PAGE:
Microglia shapes; SCN3A gene; leptin’s role in antipsychotic-induced weight gain

Here is a roundup of autism-related news and research spotted around the web for the week of 4 December.

  • Cultured neurons carrying an SCN3A gene variant, a model of SCN3A-related neurodevelopmental disorder, show altered sodium conductance, leading to lower action-potential thresholds and aberrant firing patterns. Brain
  • Babies born to parents with documented infertility issues have a slightly greater likelihood of having autism, according to an analysis of 1.3 million births in Ontario, Canada. JAMA Network Open
  • A new resource contains the gamut of microglia shapes — branched, ameboid, rod-like and hypertrophic — in different brain regions, according to a preprint. bioRxiv
  • High-frequency neurotransmission, or “burst firing,” depends on local axonal translation of proteins near the synapse. Neuron
  • The PANSS-Autism-Severity-Score screen, used to assess autism traits in people with psychosis, appears to miss those traits in autistic people. Schizophrenia Bulletin
  • Brain regions mature at different rates in early childhood, according to a comprehensive analysis of neuroimaging data from 2,000 children under age 7. Nature Neuroscience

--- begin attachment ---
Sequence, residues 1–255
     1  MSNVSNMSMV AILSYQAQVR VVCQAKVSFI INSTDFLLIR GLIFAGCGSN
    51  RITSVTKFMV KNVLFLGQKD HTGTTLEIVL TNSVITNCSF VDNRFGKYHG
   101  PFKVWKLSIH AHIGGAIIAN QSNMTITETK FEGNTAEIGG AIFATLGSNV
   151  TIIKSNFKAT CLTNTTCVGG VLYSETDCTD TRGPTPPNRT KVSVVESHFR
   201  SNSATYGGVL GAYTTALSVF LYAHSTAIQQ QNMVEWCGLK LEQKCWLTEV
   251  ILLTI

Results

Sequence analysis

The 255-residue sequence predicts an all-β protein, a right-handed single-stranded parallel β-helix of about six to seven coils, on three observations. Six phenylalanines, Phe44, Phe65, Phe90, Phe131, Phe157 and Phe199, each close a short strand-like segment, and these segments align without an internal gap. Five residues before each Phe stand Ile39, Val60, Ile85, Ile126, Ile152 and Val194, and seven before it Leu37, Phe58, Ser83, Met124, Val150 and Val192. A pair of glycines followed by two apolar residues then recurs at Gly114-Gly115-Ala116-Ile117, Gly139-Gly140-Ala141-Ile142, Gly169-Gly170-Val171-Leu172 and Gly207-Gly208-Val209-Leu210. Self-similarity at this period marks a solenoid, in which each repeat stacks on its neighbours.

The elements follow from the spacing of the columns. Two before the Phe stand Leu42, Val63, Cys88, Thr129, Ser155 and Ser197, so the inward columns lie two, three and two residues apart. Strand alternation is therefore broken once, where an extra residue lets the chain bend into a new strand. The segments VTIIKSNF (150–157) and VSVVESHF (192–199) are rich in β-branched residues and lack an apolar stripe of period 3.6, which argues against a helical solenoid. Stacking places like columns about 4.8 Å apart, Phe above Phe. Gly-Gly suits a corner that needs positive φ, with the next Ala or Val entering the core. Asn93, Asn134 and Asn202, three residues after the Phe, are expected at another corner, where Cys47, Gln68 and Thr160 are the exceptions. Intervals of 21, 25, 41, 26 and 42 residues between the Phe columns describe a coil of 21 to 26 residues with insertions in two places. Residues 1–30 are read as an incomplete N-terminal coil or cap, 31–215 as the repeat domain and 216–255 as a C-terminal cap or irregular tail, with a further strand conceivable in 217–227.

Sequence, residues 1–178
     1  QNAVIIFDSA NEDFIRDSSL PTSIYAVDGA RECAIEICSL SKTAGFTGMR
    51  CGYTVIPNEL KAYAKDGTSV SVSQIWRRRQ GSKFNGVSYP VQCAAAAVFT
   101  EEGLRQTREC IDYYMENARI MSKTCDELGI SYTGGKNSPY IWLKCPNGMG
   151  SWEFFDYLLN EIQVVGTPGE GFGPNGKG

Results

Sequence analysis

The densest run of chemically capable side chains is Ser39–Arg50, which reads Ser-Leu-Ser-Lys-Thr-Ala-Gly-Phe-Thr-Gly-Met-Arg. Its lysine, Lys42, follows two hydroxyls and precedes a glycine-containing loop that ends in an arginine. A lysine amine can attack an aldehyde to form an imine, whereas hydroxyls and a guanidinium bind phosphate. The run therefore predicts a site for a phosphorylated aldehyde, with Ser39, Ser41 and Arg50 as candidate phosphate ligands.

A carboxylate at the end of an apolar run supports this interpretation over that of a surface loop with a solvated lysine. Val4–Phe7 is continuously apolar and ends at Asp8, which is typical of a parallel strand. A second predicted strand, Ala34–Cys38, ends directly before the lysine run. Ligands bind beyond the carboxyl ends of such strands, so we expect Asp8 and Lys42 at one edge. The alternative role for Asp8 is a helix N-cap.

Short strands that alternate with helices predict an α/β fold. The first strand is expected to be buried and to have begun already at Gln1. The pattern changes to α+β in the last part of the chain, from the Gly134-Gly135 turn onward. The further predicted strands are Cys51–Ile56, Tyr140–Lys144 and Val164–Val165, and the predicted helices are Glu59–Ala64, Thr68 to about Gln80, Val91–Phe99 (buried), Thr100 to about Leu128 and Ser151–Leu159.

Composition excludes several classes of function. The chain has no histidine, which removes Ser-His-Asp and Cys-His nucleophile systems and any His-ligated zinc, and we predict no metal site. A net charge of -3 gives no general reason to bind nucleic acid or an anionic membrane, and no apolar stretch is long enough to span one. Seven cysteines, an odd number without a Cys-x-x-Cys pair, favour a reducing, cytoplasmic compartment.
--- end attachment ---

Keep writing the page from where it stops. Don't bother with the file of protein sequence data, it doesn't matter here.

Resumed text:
• In mice, the hormone leptin appears to mediate weight gain and insulin resistance that occurs with antipsychotic medication; anti-leptin antibodies ameliorate these effects. Science Translational Medicine
  • The autism-linked gene KDM5A is essential for establishing hippocampal cell identity, via its role in regulating chromatin. Science Advances
UMAP plot of 105,086 nuclei from mice hippocampi.
Cell demographics: The autism-linked gene KDM5A is essential to establish hippocampal cell identity, grouped here by type in the mouse hippocampus using UMAP, a dimensionality reduction tool.
  • Among girls evaluated for autism, those who are diagnosed tend to be younger and have lower cognitive skills and fewer internalizing or externalizing behaviors. The Clinical Neuropsychologist
  • The gaze behavior of autistic children viewing a social interaction — i.e., whether they look at people’s eyes or not — appears to correlate with fractional anisotropy values, a biomarker of nerve myelination, in specific brain areas. Cerebral Cortex